Culturally specific treatment programs help people of color achieve, maintain sobriety

Culturally specific treatment programs help people of color achieve, maintain sobriety

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In 2018, when Katy Armendariz decided she needed residential treatment to recover from her alcohol addiction, she went. But from the beginning she never felt that she belonged in the program. As far as she could tell, she was the only person of color there, and that fact left her feeling alone and isolated. Plus, she wasn’t certain that the program’s 12-step-based approach aligned with her worldview.

Katy Armendariz

Katy Armendariz

Later, in 2019, when she heard the news of a racially motivated mass shooting in an El Paso, Texas, Walmart, Armendariz came to her recovery group fired up and ready to talk about how the incident made her feel. She said it triggered her racial trauma.

“I walked into that group treatment room,” Armendariz recalled, “and I saw that there was no one there who looked like me and no one who wanted to talk about this racist thing that had just happened.” While the other people in the program had tried their best to make Armendariz feel welcome, she realized that they’d never see the world from her perspective. That disconnect felt significant.

“I was the only one in the room who had the same feeling of fear, of not being safe,” Armendariz recalled. “I was visibly traumatized, but one of the ladies in the group said, ‘He was clearly mentally ill. There’s usually a lot of mental illness that’s leading up to this.’” The response made Armendariz feel invalidated, dismissed and angry. Racism, Armendariz said, is not a form of mental illness.

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“I got to the point of thinking,” she said, “‘How’s this helpful for me in recovery? How can I do this work in a place where I don’t belong?’”

Though she has remained sober ever since completing outpatient treatment, Armendariz said that the experience has taught her that recovery isn’t a one-size-fits all experience. Many people of color struggling with addiction also say that traditional treatment programs don’t work well for them. Armendariz wanted to create a space that would.

As founder and CEO of Minnesota CarePartner, a social-justice-focused agency providing mental health services, Armendariz realizes that she is in a unique position to influence change. Through Roots Recovery, the addiction-treatment arm of Minnesota CarePartner, she knew she could offer substance use and addiction treatment that focused on meeting the specific needs of people of color, taking into account racism, white privilege and historical trauma — issues that are often not addressed in traditional treatment programs.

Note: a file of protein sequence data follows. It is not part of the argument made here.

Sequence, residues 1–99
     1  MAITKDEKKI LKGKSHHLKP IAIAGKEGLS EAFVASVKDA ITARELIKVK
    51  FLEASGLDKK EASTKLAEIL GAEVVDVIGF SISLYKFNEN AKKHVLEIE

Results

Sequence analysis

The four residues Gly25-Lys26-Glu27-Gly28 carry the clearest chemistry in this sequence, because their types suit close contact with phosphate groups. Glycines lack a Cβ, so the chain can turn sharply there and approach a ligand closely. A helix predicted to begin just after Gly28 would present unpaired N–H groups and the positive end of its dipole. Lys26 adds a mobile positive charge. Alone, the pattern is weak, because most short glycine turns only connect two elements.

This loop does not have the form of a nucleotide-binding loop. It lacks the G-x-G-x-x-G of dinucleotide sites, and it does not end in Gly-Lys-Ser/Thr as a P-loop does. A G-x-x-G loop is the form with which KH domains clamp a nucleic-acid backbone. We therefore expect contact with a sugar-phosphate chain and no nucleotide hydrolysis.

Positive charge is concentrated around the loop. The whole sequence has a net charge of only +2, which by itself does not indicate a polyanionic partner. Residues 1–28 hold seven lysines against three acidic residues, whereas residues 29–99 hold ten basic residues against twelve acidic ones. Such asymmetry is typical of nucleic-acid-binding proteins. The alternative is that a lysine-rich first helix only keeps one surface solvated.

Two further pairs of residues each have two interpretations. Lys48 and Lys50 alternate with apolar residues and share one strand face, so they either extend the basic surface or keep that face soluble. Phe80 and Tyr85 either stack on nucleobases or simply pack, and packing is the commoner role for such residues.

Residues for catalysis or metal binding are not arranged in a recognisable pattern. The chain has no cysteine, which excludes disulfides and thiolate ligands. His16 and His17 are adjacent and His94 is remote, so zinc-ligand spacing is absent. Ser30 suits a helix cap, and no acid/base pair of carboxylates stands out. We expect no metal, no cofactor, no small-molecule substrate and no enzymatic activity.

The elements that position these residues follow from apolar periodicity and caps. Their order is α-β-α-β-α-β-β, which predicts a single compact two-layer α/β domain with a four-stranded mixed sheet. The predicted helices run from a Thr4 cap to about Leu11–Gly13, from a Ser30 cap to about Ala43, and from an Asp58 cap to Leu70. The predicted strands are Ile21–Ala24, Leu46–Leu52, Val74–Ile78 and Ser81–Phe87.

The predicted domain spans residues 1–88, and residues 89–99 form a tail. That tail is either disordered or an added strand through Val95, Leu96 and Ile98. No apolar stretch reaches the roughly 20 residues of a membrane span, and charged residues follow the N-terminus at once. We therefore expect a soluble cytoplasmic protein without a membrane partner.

“One of the things that sets Roots Recovery apart is our focus,” Armendariz said. “We have counselors of color and that draws clients of color. In our treatment process we address how historical trauma and systemic racism impacts addiction for the clients we serve, just like it did for me.”

Unique needs

Armendariz considers Roots Recovery’s approach to addiction treatment to be culturally specific, or focused on the unique needs and backgrounds of specific cultural groups other than the needs and backgrounds of the white male founders of the Minnesota Method.

Angela Reed

Turning Point

Angela Reed

Because they are designed with the needs of specific groups in mind, culturally specific treatment programs often have higher success rates with members of minority populations, who often struggle to reach and maintain sobriety using traditional treatment programs.

Angela Reed, director of the support services and training divisions for Turning Point, Inc., a culturally specific addiction treatment program based in north Minneapolis, said that her program’s long-time focus on the African-American community has proved successful for many of its participants.

“We’ve served over 27,000 people in our history,” Reed said. While some African-Americans can and do achieve sobriety using traditional 12-step methods, Reed explained that the fact that Turning Point’s programming was designed with an awareness of the struggles and achievements of the community in mind helps participants feel that they can succeed, that the organization will be there to support them for years to come.

“The difference between a culturally specific organization and an organization that aims to reach a broader audience is that staff in a culturally specific organization often have an innate understanding of the impacting factors that members of this group face on a daily basis,” Reed said. “When that understanding is clear, recovery can happen.”

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Community-focused recovery

Since co-founder Peter Hayden first opened a sober-living house at 1523 Emerson Ave. N. in Minneapolis back in 1976, Turning Point has been a recovery program focused on meeting the needs of the African-American community. Hayden, who’d found recovery with the help of a mainstream treatment center, felt pressured that if he wanted to stay sober he’d need to distance himself from his family and friends.